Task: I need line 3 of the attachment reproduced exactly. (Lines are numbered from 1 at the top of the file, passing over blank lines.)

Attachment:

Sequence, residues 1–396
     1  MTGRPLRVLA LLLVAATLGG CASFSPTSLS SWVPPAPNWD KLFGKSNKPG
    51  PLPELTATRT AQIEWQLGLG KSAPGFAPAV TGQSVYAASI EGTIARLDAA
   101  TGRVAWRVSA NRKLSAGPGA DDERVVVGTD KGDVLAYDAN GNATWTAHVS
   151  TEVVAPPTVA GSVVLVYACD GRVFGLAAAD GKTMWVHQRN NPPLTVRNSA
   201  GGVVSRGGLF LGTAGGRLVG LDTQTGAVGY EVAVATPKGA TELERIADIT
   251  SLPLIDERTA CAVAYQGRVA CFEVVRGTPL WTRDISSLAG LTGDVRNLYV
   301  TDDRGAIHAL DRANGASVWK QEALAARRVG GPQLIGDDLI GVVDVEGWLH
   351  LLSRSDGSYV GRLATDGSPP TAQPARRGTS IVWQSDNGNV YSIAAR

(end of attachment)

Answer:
    51  PLPELTATRT AQIEWQLGLG KSAPGFAPAV TGQSVYAASI EGTIARLDAA